Help or Hindrance? Including Prospects in Client Engagement Programs

We are often asked by clients if they should include prospects in their recruiting and outreach to participate in their executive engagement programs. The answer is a resounding “it depends.”

And while this sounds like waffling, it does in fact matter what the program is and what you are trying to do with it to determine whether prospects should be added to the mix. We’ve put together a brief guide to think through the role of prospects in several types of programs.

Client Advisory Boards: Tread Very Carefully

What We’ve Learned

The purpose of Advisory Boards is to engage with key clients and stakeholders around your strategy and your business. They are deliberately not sales events and are not geared to that type of conversation.

While some see having prospects sit on a Client Advisory Board as beneficial to gain an outside or impartial perspective on you and your competition, we have seen that more often than not, prospects have no skin in the game with your company, and are much less committed to and interested in collaborating around your success than your client members. This can undermine your more committed clients’ participation, and these outside members often require more work to get them engaged than the value they provide in return.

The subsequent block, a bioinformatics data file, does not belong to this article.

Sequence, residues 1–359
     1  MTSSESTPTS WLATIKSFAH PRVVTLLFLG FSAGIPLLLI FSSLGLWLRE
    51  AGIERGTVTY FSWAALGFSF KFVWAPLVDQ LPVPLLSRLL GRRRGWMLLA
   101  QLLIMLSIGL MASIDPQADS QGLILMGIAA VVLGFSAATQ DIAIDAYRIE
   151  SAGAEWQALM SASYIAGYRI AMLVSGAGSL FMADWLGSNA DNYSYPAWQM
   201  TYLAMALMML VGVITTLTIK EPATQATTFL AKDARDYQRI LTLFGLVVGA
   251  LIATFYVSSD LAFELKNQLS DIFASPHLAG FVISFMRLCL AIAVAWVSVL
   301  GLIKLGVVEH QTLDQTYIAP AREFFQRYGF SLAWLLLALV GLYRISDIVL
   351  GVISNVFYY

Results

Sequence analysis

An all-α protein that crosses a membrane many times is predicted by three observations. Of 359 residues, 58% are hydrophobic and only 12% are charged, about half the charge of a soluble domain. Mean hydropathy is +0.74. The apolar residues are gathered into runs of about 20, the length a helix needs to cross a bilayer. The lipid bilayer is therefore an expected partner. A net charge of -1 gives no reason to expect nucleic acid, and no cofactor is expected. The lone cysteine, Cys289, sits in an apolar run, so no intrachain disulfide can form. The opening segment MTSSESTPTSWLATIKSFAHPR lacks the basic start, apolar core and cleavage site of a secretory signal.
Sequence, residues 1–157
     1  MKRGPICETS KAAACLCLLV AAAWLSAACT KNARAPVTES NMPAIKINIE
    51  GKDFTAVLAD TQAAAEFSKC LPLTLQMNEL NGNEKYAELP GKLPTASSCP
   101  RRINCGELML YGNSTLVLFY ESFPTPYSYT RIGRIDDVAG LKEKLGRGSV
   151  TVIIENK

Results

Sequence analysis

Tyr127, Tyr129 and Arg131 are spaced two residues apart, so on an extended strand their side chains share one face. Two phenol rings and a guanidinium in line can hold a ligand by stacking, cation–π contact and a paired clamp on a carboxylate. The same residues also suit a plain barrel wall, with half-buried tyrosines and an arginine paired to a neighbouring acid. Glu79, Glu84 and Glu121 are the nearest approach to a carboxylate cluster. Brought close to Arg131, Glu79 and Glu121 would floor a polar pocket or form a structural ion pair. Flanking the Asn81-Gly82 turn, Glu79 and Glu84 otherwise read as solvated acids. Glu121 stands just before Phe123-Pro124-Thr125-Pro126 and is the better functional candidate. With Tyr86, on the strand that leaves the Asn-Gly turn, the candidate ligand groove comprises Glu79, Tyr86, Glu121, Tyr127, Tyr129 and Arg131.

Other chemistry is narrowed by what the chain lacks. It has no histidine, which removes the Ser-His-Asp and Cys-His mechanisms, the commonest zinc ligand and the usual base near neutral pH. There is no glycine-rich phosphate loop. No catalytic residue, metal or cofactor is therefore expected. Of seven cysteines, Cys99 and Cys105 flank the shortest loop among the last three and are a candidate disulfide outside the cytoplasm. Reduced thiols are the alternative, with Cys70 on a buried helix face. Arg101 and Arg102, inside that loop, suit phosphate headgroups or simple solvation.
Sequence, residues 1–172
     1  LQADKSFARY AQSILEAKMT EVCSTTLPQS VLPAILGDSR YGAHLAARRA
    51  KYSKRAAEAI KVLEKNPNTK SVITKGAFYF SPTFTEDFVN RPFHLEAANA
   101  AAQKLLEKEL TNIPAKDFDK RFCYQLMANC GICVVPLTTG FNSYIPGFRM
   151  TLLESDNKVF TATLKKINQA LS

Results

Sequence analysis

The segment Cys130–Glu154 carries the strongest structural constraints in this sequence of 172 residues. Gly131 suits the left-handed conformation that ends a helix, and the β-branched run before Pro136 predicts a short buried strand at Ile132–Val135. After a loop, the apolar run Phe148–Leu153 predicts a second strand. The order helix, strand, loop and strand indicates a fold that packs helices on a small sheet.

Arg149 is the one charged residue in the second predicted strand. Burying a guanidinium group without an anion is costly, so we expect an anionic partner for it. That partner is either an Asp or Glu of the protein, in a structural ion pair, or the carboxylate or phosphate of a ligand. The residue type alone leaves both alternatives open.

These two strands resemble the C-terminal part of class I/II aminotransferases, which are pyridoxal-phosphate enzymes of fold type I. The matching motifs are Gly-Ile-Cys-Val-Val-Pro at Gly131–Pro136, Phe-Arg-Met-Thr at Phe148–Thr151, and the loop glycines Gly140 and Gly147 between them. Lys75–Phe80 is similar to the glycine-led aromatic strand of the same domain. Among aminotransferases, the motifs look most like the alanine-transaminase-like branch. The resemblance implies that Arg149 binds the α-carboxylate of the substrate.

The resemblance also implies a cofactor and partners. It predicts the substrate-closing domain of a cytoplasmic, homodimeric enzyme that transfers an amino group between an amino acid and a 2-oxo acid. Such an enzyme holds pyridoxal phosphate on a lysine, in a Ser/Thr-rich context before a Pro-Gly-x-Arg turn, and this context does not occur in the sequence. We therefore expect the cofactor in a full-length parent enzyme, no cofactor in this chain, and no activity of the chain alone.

Recommendations

One alternative is to funnel prospects into other programs that link more directly to sales.

Another perspective is to recast the program to be more of a peer network or working group. This shifts the focus to market issues and market needs, which requires less investment on the part of the participants, but can still help extract insights you can use.